Last week, I discussed some troublesome headlines for Google parent Alphabet Inc. (GOOG, GOOGL) and Apple Inc. (AAPL). I went over the recent Senate bill trying to level the playing field for third-party app stores on Apple's iOS and Google's Android platforms. If you're worried about those stocks, check out that article if you haven't.
Today, we'll discuss what implications government oversight might have to tech giant Amazon.com, Inc. (AMZN). Recent stories are troubling some investors.
- There are antitrust concerns for Amazon, which could worry investors.
- Looking back at prior antitrust cases, the outcomes weren't terrible for investors.
- Amazon's stock has been a Big Money favorite in a multi-year uptrend, which suggests that investors should not stress too much over antitrust concerns.
In 2017, a Yale law student wrote a paper called "Amazon's Antitrust Paradox" criticizing the company's intensifying grip of control in the marketplace. That student was Lina Kahn, who has and continues to be a passionate critic of the big tech companies Facebook, Inc. (FB), Google, Apple, and Amazon. She was installed by President Joe Biden as the youngest FTC Chair in history. And with Biden wanting the tech firms to "just pay their fair share of taxes," it's clear that sights are set on Amazon.
The FTC is formally investigating these tech behemoths. In a recent win for Facebook, a federal judge dismissed the antitrust lawsuit filed by the FTC citing not enough evidence to prove a monopoly. But the judge is allowing a revised complaint.
This all stems from the Sherman Act of 1890, which essentially outlaws monopolies. The FTC was established soon after to ensure fair business. This can mostly be traced back to John D. Rockefeller and Henry Flagler's Standard Oil, which was the largest oil refiner in the world. It was eventually busted up into 30 companies including some of the biggest household names in energy today. Needless to say, several of those companies went on to become mammoth in their own right.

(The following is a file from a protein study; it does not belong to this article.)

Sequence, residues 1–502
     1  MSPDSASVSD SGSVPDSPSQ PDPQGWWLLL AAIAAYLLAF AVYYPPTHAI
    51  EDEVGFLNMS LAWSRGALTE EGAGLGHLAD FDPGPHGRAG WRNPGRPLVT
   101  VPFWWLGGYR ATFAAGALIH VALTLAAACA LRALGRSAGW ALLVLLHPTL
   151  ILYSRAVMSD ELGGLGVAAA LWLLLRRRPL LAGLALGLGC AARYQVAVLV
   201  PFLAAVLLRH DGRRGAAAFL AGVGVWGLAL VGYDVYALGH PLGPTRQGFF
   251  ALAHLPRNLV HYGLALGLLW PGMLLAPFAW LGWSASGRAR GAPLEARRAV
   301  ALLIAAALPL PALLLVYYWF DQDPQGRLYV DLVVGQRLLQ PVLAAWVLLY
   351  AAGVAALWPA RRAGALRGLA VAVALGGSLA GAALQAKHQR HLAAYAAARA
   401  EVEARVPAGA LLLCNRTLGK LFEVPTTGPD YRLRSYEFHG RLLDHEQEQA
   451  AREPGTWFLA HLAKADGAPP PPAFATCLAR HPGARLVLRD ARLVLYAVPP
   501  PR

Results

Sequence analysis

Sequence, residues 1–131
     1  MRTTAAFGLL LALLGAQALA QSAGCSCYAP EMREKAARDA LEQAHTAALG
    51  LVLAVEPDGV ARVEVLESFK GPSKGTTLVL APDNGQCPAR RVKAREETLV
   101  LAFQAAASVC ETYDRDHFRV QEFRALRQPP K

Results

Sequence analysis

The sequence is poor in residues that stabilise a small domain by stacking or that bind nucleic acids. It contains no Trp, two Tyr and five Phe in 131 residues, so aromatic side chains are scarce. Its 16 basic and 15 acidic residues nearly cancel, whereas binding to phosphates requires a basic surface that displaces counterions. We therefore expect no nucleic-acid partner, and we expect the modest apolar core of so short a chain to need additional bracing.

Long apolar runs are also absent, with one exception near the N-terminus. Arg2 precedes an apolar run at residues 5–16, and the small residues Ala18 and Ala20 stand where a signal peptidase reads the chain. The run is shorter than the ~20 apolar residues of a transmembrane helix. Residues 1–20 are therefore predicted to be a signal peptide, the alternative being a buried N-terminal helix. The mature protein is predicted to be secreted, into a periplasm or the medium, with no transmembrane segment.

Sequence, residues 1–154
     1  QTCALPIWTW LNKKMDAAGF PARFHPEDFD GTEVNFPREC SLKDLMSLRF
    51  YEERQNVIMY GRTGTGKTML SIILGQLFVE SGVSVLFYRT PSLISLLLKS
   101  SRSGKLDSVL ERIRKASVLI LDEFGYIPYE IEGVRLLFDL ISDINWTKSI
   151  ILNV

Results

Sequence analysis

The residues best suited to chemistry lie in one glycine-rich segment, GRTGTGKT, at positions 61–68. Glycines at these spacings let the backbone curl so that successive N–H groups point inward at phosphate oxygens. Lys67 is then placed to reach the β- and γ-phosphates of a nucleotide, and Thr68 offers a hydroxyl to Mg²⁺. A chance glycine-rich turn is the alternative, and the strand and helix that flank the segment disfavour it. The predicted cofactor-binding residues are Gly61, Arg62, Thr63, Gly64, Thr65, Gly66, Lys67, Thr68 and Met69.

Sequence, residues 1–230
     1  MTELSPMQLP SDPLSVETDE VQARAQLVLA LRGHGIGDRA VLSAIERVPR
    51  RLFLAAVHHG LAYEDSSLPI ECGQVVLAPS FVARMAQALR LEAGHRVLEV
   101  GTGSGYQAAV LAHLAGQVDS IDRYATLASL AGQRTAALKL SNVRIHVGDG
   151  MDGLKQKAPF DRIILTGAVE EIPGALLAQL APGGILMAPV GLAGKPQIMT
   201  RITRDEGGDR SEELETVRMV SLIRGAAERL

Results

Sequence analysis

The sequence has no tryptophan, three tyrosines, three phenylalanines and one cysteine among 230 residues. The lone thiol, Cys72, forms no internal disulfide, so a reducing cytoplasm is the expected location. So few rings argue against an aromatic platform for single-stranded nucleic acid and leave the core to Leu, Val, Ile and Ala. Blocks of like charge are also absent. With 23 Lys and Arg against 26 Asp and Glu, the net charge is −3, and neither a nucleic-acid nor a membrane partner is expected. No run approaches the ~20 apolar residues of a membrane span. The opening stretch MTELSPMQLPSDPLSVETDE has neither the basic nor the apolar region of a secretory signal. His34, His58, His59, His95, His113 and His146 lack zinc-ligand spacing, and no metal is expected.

So, what happens if Amazon is deemed too big to continue and busted up for fear of an uncontrollable monopoly? History suggests a few possible outcomes, but none seem to be anything to really stress over if you're an investor. Let's look at some possible scenarios:
- Congress hits an impasse, and nothing happens. This is the favorite state of the stock market: status quo. If the government can't reach a verdict, then Amazon is free to continue business as usual. It's clear to see that Amazon continues to grow in many areas and that, in the short run, this scenario is entirely plausible. But in the long run, it'll be difficult to prove that Amazon isn't too big to exist if it keeps growing along its current trajectory.
- Some limits are imposed, but Amazon remains wholly or mostly intact. This is a similar scenario to the article I mentioned earlier. For example, if Google and Apple are forced to allow third-party app stores, it's seen as a win for big government. But in the end, it would have a nominal effect on their overall businesses, which remain completely intact.